OTTAWA (Reuters) - The leader of Canada's New Democratic Party, trying to regain lost ground ahead of the Oct. 19 election, lashed out at his rivals on Friday while defending his unpopular opposition to a ban on Muslim full face coverings in citizenship ceremonies.
Opinion polls show the New Democrats of Thomas Mulcair - which started the campaign strongly - could come in third nationally and shed one-third of its seats in the predominantly French-speaking province of Quebec, his main stronghold.
One potential beneficiary of the slide is the rival centre-left Liberal Party of Justin Trudeau, who says he is the best choice to defeat Prime Minister Stephen Harper.
Mulcair said Trudeau backed Harper on key issues such as the need for oil pipelines and a controversial new security law that gives police broad powers.
"You have the same economic, social and environmental policies. We're against Mr. Harper, we want to beat him and replace him," he told Trudeau in a televised French-language debate in Quebec.
Mulcair has stumbled in Quebec over the use of the niqab, or full face covering, used by Muslim women during citizenship ceremonies.
The New Democratic Party leader says women do not need to lift the veil as long as they show their faces before the ceremony for identification purposes - a stance that polls indicate is hugely unpopular in the province.
Harper said Mulcair was disconnected from reality and public opinion in opposing a ban that the Conservatives are seeking.
Mulcair said only two women since 2011 had tried to wear veils during citizenship ceremonies, to which Harper replied: "One case is one case too many. You don’t defend fundamental values with statistics."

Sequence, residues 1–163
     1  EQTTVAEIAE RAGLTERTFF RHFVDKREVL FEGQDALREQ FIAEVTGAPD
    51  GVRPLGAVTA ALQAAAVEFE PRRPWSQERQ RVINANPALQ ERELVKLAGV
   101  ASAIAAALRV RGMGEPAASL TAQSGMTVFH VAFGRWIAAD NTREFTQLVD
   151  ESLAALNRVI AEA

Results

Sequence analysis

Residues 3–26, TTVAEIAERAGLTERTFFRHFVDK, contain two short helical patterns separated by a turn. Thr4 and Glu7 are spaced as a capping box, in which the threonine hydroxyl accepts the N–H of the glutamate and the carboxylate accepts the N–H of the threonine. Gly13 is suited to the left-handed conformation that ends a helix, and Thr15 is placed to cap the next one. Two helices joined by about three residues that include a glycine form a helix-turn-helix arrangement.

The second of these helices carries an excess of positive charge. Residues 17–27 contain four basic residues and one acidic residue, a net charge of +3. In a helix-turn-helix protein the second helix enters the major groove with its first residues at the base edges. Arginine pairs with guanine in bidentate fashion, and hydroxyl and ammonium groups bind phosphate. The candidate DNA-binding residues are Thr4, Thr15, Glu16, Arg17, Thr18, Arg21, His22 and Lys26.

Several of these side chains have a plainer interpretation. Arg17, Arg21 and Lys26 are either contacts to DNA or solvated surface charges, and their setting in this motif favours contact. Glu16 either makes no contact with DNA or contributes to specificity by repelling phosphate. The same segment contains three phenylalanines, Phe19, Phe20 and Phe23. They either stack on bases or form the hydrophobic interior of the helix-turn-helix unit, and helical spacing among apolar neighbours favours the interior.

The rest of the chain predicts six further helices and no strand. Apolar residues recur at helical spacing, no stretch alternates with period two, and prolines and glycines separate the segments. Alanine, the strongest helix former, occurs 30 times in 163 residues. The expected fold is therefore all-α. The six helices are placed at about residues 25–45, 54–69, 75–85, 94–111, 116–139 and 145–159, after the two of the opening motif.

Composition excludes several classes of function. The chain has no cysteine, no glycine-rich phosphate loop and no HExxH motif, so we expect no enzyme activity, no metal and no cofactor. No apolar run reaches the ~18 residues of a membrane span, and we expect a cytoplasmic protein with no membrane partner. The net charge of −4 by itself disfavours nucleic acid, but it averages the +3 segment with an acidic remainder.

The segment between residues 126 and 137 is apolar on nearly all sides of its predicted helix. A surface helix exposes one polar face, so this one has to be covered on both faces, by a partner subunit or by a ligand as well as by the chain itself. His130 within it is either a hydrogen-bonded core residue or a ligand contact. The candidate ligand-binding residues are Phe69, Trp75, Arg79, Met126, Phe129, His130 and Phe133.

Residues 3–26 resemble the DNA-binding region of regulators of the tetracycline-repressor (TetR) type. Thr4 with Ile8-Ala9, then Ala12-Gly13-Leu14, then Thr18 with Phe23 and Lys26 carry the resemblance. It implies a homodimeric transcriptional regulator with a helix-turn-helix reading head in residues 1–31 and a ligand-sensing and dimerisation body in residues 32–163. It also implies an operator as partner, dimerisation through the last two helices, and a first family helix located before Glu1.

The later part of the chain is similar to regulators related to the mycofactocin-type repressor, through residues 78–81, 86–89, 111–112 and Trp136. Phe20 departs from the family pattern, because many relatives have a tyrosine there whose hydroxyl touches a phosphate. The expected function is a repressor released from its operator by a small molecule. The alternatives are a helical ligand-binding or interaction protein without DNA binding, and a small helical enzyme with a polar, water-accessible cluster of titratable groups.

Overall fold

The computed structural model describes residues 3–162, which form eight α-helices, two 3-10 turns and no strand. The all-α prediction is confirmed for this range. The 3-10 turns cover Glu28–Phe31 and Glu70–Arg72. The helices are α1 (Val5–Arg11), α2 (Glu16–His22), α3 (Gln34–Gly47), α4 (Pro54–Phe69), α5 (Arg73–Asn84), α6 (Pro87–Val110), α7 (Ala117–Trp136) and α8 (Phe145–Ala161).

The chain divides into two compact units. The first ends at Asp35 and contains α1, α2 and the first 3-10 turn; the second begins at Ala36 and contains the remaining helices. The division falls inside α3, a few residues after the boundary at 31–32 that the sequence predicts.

Mulcair, who accused Harper of using the niqab issue to hide a poor record on the economy, said that if people were worried about a woman being oppressed, they should go after the oppressor.
"It's not in taking away the rights of this woman, in preventing her from becoming a citizen, that you are going to be able to help her, in the name of God," he declared.
The tough-on-crime low-tax Conservatives are bidding to win a rare fourth consecutive election.
Mulcair noted that after winning his first majority in 2011, Harper had raised the retirement age to 67 from 65.
"Did you tell that to Quebecers and Canadians during the last election (campaign)? What are you hiding this time, Mr. Harper?" he said.
The New Democrats have never governed federally and became the largest opposition party for the first time in 2011 after winning a majority of seats in Quebec, Canada's second most populous province.
A Leger poll in the Journal de Montreal on Friday showed the party was now doing so poorly that it would take only 37 of the 78 Quebec seats in the House of Commons, down from the 54 it currently has.
Nationally, surveys suggest the Conservatives will capture the most seats but fall short of a majority. On paper, that would leave them vulnerable to being defeated by the Liberals and New Democrats acting together.
(Reporting by Randall Palmer and David Ljunggren; Editing by James Dalgleish and Ken Wills)
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